Say hello to my little friend. Her name is Hymenolepsis. She’s a gut parasite. And she and a whole crew of her little friends recently made themselves at home in my belly.
After all the jokes I heard about Montezuma’s Revenge when I told people I was going to Mexico, I would have expected something more dramatic. But I had no obvious symptoms. No pain, no desperate dashing to the toilet. In fact, I only discovered the parasite as part of the routine testing done through Passport to Health, a program offered by the East Cape Clinic here in Los Barriles (more on that next week).
A lucky break, right? Who knows what kind of havoc those dwarf tapeworms could have wreaked with more time to reproduce! And my diagnosis inspired others in my circle of LB friends to get tested.
Which, by the way, is an extremely simple process down here: you walk into the clinic and ask for a sample cup. No gatekeepers, no questions asked. I even picked up the cup for one of my friends, no problema. Turnaround time for results is about 24 hours. The clinic provides a written report and suggestions for which anti-parasite medication to take. Then you walk to the pharmacy next door, or to any pharmacy in town, and tell them what you want. My three day supply of Daxon cost a little over 300 pesos, roughly $17 U.S. dollars. The lab test itself costs 250 pesos, about $13 American dollars.
No co-pay. No paperwork. You’re in, you’re out, you’re taken care of. For thirty bucks – in the same ballpark as the co-pay alone in many U.S. insurance plans, and less than half the $70 co-pay I had to cough up for urgent care when my parents’ dog bit me last year. And just to be clear, that was $70 each time I walked through the door – initial visit, return consult – and did not include any fees for actual treatment. Are you surprised that I ignored the recommendation that I return a third time just to make sure the infection had fully cleared?
Both of my friends who were tested found that they too had gut parasites. One, like me, had very few symptoms and probably would not have discovered her problem had I not tested positive. The other friend had been experiencing some serious digestive issues, but like me, has a history of gut problems, including gluten intolerance. We’ve spent much of the trip figuring out what and where we can and cannot eat down here and especially how to avoid getting “glutened” in local restaurants. She is especially sensitive and is always the first to ask, “Sin gluten?” When in doubt, we order tacos de pescado a la plancha. It’s hard to go wrong health-wise with a grilled fish taco, and they’re usually incredibly delicious.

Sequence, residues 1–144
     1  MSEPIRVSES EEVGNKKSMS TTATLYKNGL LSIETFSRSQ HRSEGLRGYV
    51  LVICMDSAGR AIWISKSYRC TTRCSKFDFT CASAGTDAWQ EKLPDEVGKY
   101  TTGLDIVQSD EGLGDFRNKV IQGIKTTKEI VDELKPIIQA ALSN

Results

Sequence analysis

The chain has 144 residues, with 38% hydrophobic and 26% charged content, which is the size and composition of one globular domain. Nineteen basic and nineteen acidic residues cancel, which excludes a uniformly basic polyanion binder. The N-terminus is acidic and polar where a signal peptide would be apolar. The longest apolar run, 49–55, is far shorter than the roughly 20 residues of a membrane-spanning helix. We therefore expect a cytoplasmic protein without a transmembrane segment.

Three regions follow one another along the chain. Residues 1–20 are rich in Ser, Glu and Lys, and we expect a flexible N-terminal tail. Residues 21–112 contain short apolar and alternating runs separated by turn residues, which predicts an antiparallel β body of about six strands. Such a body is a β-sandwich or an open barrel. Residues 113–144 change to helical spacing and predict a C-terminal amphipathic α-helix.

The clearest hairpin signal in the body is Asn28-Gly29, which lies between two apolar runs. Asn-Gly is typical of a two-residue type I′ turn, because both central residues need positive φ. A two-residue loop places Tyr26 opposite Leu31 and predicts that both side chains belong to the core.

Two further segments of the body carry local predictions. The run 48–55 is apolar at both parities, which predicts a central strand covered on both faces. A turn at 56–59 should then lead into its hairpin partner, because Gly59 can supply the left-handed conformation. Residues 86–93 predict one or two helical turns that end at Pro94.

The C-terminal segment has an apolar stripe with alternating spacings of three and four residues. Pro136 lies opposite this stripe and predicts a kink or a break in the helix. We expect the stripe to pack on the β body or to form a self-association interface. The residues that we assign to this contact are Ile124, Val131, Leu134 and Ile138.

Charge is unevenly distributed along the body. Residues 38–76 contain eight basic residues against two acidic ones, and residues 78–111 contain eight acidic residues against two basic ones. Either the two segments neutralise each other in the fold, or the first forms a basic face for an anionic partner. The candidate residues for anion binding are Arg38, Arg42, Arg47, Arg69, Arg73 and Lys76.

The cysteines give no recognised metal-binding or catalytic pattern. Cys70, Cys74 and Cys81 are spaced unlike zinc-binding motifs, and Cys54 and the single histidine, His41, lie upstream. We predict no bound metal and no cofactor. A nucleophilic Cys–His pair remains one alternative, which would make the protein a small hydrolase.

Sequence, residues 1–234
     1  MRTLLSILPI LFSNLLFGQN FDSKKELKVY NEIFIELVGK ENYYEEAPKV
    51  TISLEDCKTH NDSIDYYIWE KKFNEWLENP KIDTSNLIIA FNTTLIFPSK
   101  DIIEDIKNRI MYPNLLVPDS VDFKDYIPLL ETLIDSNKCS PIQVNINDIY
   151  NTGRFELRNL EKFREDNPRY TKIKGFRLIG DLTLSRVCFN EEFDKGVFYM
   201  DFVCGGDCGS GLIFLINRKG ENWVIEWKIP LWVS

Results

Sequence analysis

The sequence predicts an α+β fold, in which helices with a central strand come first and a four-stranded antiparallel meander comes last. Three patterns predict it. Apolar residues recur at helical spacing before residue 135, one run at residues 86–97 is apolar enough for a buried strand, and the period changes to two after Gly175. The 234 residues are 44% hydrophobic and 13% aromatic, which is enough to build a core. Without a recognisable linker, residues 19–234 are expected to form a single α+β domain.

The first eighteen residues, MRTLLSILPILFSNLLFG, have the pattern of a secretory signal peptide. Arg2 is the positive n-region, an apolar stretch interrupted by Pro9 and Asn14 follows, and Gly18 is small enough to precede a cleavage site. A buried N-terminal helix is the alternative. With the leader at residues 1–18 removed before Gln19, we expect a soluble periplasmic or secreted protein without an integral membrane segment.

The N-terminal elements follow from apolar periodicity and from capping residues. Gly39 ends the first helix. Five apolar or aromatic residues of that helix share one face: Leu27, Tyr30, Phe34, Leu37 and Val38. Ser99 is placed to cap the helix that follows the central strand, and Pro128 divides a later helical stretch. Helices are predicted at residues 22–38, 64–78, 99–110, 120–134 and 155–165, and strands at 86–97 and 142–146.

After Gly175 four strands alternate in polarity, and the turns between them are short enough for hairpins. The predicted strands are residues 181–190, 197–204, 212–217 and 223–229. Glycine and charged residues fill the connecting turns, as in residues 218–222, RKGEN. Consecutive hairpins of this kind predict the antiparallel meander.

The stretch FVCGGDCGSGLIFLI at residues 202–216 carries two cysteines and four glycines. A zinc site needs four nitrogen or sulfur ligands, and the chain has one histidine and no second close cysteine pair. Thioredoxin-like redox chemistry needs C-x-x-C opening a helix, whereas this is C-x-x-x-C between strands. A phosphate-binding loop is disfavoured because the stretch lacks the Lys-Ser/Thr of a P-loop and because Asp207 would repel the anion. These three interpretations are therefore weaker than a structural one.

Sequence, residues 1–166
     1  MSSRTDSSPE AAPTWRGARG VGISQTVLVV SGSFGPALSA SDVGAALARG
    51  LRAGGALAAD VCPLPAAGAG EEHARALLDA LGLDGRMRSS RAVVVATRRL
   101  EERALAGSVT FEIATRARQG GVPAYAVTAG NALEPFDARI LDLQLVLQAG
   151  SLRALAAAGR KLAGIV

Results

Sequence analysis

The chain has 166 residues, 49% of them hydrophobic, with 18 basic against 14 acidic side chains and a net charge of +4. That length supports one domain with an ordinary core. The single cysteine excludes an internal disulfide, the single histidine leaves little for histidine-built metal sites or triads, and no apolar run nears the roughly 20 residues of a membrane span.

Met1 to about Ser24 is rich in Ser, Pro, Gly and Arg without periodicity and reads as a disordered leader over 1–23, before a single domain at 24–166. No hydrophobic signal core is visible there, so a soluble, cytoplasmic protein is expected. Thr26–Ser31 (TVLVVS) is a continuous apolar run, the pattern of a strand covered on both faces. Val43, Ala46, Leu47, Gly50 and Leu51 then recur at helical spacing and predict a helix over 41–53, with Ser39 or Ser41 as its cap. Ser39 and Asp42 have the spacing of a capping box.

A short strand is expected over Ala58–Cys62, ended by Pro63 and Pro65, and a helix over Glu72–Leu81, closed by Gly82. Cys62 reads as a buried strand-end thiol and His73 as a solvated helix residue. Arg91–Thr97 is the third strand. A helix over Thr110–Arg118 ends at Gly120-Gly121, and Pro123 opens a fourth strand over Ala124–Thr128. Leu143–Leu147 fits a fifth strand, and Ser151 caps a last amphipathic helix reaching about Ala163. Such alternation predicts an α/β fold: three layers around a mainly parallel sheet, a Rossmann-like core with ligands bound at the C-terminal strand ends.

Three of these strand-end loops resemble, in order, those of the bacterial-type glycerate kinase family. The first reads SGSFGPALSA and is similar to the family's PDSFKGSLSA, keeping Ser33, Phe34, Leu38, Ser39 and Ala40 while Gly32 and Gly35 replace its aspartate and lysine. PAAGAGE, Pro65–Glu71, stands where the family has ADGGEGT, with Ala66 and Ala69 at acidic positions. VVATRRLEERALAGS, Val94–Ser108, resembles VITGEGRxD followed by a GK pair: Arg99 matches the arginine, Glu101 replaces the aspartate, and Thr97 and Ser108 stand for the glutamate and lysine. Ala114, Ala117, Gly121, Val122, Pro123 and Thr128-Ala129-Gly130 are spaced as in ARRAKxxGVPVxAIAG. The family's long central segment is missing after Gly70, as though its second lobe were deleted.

Despite a few mishaps, we’ve been pretty successful in dealing with the gluten issue. The parasites, though…. It’s hard to know the exact source of the infection. It could be the water, for example. I’m buying purified water to drink, but I wash my dishes, shower and wash my hands in the local tap water, so maybe that’s the culprit. Or it could be the food. There could be trace contaminants on the local veggies, either from a restaurant or the grocery store. My go-to veggies when cooking tend toward carrots, cucumbers, beets and other veggies that I usually peel. But I’ve been eating a ton of cilantro and haven’t been washing that. Or you know, it might have been the organic spinach imported from the U.S. that I’ve been buying because the local choices for lettuce – romaine and iceberg – get pretty boring after a month. Food contamination isn’t just a problem in Mexico, right? Or I even might have infected myself by prioritizing water conservation over surgery-worthy hand scrubbing.
At the end of the day, I’m not losing any sleep trying to figure out how my little friends got into my gut. We’ve been down here in the Baja for nearly two months. Who knows when I picked up the parasite.
Besides which, my body has a long history of gut issues (and more), diagnostic challenges, and less than satisfying or effective treatment options. Right now, I’m just psyched about having a health problem that can be diagnosed with a simple lab test and fixed with a three-day regimen of drugs. I’m feeling great, my belly is happy, life is good.